Hours before Conservatives Concerned About the Death Penalty activists planned to speak at Thursday’s Campaign for Liberty of East Tennessee meeting, National Manager Hannah Cox was preparing to take the podium as the featured speaker at the event.
Cox spoke as someone relatively new to the movement against the death penalty, but she felt the timing was right to address the issue.
“I actually used to be very pro-death penalty myself, and I understand where people are coming from with this issue. It’s an emotional issue, and there’s nothing wrong with that. It should be an emotional issue,” she said.
After researching the death penalty as a policy advocate for the National Alliance of Mental Illness, she said she was shocked to find out that 162 prisoners convicted of murder have been exonerated since 1976 when the death penalty was reinstated. This got Cox thinking about the possibility of executing innocent prisoners and caused her to change her stance in 2015.
Cox said she believes many of the 1,414 prisoners executed since 1976 were mentally ill and or victims of socio-economic disparities, citing that about 25 percent of death row inmates in Texas were represented by a public defender that had been disbarred.
“That’s when I changed my mind on it,” Cox said. “I previously thought we had an exclusion for people who have a mental illness, but we do not. It’s for intellectual disabilities. We have a staggering amount of people with mental illness on death row.”
In the case of Irick, opponents of his execution have pointed to a history of mental illness, including being institutionalized at the age of 8 and numerous instances of hallucinations and dissociative episodes leading up to the murder and rape of 7-year-old Paula Dyer.
On Thursday, U.S. Supreme Court Justice Elena Kagan denied a request to delay Irick’s execution. Justice Sonya Sotomayor strongly disagreed with her decision and issued a statement saying the court was turning, “a blind eye to a proven likelihood that the state of Tennessee is on the verge of inflicting several minutes of torturous pain on an inmate in its custody, while shrouding his suffering behind a veneer of paralysis.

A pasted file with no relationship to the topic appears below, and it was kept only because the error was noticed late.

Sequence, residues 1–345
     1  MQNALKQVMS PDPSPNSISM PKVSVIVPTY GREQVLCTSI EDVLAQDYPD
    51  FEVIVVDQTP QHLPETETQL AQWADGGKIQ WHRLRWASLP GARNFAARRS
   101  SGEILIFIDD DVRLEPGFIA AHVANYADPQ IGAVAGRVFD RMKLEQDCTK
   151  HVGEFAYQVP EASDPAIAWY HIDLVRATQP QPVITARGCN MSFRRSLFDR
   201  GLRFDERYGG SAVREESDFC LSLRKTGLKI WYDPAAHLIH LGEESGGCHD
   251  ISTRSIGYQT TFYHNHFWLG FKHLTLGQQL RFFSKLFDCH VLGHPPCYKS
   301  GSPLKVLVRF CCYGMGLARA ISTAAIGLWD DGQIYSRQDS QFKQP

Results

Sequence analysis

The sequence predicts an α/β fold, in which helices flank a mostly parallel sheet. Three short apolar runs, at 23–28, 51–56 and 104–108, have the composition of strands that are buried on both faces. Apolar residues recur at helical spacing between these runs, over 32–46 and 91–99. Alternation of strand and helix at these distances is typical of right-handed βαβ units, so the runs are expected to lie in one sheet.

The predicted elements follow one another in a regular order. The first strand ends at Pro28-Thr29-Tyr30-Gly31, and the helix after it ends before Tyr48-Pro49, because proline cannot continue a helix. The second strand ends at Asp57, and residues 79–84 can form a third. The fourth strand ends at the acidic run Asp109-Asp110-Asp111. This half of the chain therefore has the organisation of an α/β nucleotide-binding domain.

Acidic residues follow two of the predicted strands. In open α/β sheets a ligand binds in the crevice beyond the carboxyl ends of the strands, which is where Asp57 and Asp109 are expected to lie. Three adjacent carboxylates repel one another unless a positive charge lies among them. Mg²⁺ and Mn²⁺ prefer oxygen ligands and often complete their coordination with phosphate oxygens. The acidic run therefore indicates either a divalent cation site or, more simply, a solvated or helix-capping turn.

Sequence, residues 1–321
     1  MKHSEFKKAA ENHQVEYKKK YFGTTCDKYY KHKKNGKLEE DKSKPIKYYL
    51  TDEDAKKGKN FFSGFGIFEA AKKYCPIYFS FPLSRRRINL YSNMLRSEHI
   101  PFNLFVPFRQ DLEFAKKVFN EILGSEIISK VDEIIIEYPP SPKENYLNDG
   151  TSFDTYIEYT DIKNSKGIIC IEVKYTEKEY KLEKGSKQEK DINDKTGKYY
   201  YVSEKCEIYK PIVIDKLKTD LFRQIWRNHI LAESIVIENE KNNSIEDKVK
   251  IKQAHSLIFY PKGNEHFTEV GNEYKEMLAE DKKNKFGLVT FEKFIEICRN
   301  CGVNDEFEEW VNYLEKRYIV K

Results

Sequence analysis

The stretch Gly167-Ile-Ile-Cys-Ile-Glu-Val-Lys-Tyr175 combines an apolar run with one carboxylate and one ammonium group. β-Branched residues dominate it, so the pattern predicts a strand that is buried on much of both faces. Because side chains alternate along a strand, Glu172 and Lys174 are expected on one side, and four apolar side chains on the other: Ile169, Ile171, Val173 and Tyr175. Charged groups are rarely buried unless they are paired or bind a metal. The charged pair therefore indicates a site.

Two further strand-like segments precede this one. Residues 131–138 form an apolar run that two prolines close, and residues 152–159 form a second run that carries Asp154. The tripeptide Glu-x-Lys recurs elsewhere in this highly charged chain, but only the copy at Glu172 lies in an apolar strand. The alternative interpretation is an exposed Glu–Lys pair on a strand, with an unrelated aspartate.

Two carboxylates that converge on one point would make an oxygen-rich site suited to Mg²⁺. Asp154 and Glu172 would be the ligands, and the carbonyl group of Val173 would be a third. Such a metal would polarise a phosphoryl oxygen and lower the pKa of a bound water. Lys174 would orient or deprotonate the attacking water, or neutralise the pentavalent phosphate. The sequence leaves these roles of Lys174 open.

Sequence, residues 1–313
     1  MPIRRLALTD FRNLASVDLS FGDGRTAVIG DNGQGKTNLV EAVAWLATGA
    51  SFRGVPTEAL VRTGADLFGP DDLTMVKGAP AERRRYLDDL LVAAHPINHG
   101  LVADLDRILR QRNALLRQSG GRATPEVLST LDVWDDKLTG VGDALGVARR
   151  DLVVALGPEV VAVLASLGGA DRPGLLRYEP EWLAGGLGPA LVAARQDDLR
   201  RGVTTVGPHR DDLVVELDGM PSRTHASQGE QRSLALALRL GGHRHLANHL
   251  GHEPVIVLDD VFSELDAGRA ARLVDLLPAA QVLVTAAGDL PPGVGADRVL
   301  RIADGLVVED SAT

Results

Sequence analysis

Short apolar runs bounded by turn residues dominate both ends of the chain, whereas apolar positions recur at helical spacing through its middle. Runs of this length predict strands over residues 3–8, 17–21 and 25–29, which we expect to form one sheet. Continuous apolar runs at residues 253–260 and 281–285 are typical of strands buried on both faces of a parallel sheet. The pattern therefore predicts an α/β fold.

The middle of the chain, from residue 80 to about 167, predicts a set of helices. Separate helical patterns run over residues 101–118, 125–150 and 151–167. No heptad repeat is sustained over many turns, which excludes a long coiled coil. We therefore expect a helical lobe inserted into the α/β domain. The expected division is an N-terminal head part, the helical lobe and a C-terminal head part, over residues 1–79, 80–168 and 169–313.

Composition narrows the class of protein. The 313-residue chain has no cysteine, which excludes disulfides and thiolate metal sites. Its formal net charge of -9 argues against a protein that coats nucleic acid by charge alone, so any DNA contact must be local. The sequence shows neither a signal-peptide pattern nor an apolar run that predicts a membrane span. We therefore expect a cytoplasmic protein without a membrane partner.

"I cannot in good conscience join in this 'rush to execute' without first seeking every assurance that our precedent permits such results ... if the law permits this execution to go forward in spite of the horrific final minutes that Irick may well experience, then we stopped being a civilized nation and accepted barbarism," Sotomayor wrote.
Ahead of the event in Morristown, Cox said she has noticed an increasing number of conservatives and right-leaning activists taking an anti-death penalty position. Cox said they will continue to fight the death penalty and work to create opposition within the right in the wake of Irick’s execution.
“As a Tennessee resident, I know first-hand that conservatives and libertarians in our state continue to re-evaluate the death penalty,” she said. “Tennessee is part of a nationwide trend of conservatives questioning whether capital punishment is consistent with their values.”
Irick was executed by lethal injection. He was the 133rd person put to death by the state since 1916. This was the first execution in Tennessee since 2009 and the seventh execution in the state since 1976.
Efforts to reach several local lawmakers, members of law enforcement and district attorneys for comment were unsuccessful.